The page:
Page semi-protected

Allahabad district

From Wikipedia, the free encyclopedia
Jump to navigation Jump to search

Allahabad district
Prayagraj district
Location of Allahabad district in Uttar Pradesh
Location of Allahabad district in Uttar Pradesh
StateUttar Pradesh
 • Total5,482 km2 (2,117 sq mi)
 • Total5,954,391
 • Density1,100/km2 (3,000/sq mi)
 • Literacy74.41%
 • Sex ratio901
Time zoneUTC+05:30 (IST)
Major highwaysNH 2
Lok Sabha constituenciesAllahabad, Phulpur

Allahabad district, officially known as Prayagraj district,[1] is one of the largest and the most populous district of Uttar Pradesh state of India. The district headquarters is Allahabad city which was renamed Prayagraj at the same time as the district was renamed. The District is divided into blocks within tehsils. As of 2011, there are 20 blocks in eight tehsils.[2][3][4] The Allahabad division includes the districts of Fatehpur, Kaushambi and Allahabad, with the western Pratagraj District becoming part of the new Kaushambi district.[5] The administrative divisions are Phulpur, Koraon, Meja, Sadar, Soraon, Handia, Bara, Shringverpur and Karchana.

The three rivers of India - Ganges, Yamuna and the mythical river of Sarasvati - meet at a point in the district, known as Sangam, considered holy by Hindus. Allahabad was once the capital of United Province before independence. Allahabad is one of the largest educational hubs.


Historical population
YearPop.±% p.a.

According to the 2011 census of India the district has a population of 5,954,391,[6] roughly equal to the nation of Denmark[7] or the US state of Missouri.[6] This gives it a ranking of 13th in India (out of a total of 640).[6] As of 2011 it is the most populous district of Uttar Pradesh (out of 71).[6] The district has a population density of 1,087 inhabitants per square kilometre (2,820/sq mi).[6] Its population growth rate over the decade 2001-2011 was 20.74%.[6]

The district has a sex ratio of 902 females for every 1000 males,[6] and a literacy rate of 74.41%, highest in the region[8] and close to the all-India average of 74%.[6]


At the time of the 2011 Census of India, 96.98% of the population in the district spoke Hindi and 2.69% Urdu as their first language.[6] People in the district speak Awadhi, a language in the Hindi continuum spoken by over 38 million people, mainly in the Awadh region;[9] and Bagheli, which has a lexical similarity of 72-91% with Hindi[10] (compared to 60% for German and English)[11] and is spoken by about 7,800,000 people in Bagelkhand.[10]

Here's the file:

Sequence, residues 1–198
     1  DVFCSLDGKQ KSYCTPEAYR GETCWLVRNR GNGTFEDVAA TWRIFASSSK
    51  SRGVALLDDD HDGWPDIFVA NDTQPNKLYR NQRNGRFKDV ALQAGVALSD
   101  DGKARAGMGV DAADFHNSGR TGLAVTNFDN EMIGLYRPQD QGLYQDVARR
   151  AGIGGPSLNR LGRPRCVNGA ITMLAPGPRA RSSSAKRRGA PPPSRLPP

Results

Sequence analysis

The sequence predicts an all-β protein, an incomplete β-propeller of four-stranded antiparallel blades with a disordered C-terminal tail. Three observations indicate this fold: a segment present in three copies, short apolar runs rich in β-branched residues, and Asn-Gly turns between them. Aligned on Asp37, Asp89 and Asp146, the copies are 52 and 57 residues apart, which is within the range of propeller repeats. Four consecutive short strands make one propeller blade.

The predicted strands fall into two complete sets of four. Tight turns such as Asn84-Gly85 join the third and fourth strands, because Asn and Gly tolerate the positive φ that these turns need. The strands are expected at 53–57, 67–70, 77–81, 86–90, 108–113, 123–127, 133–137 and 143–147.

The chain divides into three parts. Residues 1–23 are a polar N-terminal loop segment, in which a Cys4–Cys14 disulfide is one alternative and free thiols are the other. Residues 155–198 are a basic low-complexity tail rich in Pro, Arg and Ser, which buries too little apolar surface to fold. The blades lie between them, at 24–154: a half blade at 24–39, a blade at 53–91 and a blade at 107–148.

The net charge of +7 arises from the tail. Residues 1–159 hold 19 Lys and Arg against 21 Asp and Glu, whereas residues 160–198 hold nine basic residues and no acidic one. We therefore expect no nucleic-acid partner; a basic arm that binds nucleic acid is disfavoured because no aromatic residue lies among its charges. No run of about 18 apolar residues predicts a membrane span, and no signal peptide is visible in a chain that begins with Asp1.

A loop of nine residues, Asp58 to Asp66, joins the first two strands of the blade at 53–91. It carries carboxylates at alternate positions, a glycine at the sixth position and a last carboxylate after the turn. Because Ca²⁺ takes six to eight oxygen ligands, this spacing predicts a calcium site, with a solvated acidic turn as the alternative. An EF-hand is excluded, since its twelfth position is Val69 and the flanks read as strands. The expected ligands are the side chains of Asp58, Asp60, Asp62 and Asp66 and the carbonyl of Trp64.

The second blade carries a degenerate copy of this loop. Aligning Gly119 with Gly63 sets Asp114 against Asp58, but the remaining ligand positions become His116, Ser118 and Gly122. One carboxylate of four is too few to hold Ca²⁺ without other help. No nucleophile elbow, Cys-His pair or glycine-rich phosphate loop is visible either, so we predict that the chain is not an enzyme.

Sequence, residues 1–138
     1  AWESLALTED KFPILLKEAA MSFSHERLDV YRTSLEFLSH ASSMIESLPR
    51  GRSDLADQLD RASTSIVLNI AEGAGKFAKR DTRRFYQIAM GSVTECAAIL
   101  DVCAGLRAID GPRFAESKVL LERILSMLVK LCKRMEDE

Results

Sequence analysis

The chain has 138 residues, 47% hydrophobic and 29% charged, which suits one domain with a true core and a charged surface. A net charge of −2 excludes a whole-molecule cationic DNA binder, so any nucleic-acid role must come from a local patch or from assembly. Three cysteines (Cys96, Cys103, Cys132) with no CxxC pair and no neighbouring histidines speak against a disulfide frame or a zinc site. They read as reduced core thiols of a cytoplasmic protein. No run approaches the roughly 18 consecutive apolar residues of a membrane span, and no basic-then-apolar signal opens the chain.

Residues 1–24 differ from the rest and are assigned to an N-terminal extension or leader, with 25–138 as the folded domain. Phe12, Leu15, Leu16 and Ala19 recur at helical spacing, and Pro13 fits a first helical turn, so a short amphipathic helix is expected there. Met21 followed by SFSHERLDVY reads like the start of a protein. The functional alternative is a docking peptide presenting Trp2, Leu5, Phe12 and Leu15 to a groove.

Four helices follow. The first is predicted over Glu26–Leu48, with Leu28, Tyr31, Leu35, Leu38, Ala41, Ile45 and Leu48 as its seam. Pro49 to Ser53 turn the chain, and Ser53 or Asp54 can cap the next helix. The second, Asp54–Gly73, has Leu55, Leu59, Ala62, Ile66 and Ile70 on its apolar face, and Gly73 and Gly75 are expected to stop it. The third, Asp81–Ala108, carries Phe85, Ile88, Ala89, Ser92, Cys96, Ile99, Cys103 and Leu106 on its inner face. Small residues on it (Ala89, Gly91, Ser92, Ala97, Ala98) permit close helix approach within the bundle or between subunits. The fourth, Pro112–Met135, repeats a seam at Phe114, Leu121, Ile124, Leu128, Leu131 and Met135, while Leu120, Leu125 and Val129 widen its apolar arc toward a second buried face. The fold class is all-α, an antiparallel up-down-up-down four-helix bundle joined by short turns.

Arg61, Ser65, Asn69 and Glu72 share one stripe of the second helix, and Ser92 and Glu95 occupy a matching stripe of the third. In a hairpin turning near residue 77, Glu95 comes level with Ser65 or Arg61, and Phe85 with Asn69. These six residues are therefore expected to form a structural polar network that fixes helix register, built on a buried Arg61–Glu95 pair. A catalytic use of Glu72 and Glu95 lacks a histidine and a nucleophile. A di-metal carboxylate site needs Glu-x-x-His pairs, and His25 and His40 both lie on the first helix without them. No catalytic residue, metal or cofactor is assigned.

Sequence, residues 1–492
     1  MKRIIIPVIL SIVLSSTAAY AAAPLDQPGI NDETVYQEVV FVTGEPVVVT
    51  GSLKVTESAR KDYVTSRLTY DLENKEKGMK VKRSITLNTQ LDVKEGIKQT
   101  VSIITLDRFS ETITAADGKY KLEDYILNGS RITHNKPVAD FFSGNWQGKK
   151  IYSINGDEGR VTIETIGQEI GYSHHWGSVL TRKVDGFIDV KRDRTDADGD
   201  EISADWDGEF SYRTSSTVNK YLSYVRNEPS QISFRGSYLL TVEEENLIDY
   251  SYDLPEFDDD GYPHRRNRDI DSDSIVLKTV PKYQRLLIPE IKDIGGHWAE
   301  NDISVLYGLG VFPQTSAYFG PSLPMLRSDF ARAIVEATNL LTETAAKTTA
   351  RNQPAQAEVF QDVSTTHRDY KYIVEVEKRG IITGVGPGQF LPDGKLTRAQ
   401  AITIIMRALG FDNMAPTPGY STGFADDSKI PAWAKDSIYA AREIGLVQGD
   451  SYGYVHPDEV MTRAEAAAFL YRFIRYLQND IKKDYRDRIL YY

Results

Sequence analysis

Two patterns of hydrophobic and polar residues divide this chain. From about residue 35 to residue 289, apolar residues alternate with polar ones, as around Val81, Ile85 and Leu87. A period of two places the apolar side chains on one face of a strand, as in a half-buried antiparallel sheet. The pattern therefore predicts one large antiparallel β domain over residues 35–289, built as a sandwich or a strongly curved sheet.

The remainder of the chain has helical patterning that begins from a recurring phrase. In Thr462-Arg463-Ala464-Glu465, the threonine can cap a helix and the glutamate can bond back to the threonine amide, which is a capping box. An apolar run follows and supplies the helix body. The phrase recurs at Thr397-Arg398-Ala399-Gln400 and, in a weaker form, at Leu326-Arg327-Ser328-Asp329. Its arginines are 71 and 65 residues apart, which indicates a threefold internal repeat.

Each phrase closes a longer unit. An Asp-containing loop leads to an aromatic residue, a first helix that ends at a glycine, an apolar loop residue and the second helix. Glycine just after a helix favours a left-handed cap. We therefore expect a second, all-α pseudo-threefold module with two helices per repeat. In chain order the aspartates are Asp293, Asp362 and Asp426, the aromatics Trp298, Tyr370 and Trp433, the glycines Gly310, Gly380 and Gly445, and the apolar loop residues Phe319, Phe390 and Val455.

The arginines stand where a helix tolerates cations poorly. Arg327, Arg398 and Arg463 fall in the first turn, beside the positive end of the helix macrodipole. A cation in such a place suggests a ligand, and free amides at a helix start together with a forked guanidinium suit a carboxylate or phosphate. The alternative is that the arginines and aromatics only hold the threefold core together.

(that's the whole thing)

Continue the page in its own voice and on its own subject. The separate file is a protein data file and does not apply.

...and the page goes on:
Religions in Allahabad District[6]
Religion Percent

Hinduism is majority religion in the district with 85.69% followers. Islam is second most popular religion in district of Allahabad with approximately 13.38% following it. Around 0.93% stated 'Other Religion', approximately 0.90% stated 'No Particular Religion'. Allahabad Kumbh Mela is a major Hindu event. Allahabad has a Triveni Sangam. Akshayavat is a sacred fig tree. There is a Roman Catholic Diocese of Allahabad.


  1. ^ "District Prayagraj, Government of Uttar Pradesh | the City of Kumbh | India". Retrieved 5 April 2020.
  2. ^ "Development Blocks under Tehsils". District court of Allahabad. Archived from the original on 26 May 2012. Retrieved 4 August 2012.
  3. ^ Hridai Ram Yadav (2009). Village Development Planning. Concept Publishing Company. pp. 9–13. ISBN 978-81-7268-187-6. Retrieved 4 August 2012.
  4. ^ Pramod Lata Jain (1990). Co-operative Credit in Rural India: A Study of Its Utilisation. Mittal Publications. pp. 61–63. ISBN 978-81-7099-204-2. Retrieved 4 August 2012.
  5. ^ blocks, Divisions and. "Maps, Tahsils and villages of Allahabad". Explore Allahabad Press. Retrieved 12 January 2014.
  6. ^ a b c d e f g h i j k "2010 Resident Population Data". U. S. Census Bureau. Retrieved 30 September 2011. Missouri 5,988,927
  7. ^ US Directorate of Intelligence. "Country Comparison:Population". Retrieved 23 September 2019.
  8. ^ "Allahabad has highest literacy rate in region". The Times of India. 15 April 2011. Retrieved 3 August 2012.
  9. ^ M. Paul Lewis, ed. (2009). "Awadhi: A language of India". Ethnologue: Languages of the World (16th ed.). Dallas, Texas: SIL International. Retrieved 28 September 2011.
  10. ^ a b M. Paul Lewis, ed. (2009). "Bagheli: A language of India". Ethnologue: Languages of the World (16th ed.). Dallas, Texas: SIL International. Retrieved 28 September 2011.
  11. ^ M. Paul Lewis, ed. (2009). "English". Ethnologue: Languages of the World (16th ed.). Dallas, Texas: SIL International. Retrieved 28 September 2011.

External links

Coordinates: 25°27′N 81°51′E / 25.450°N 81.850°E / 25.450; 81.850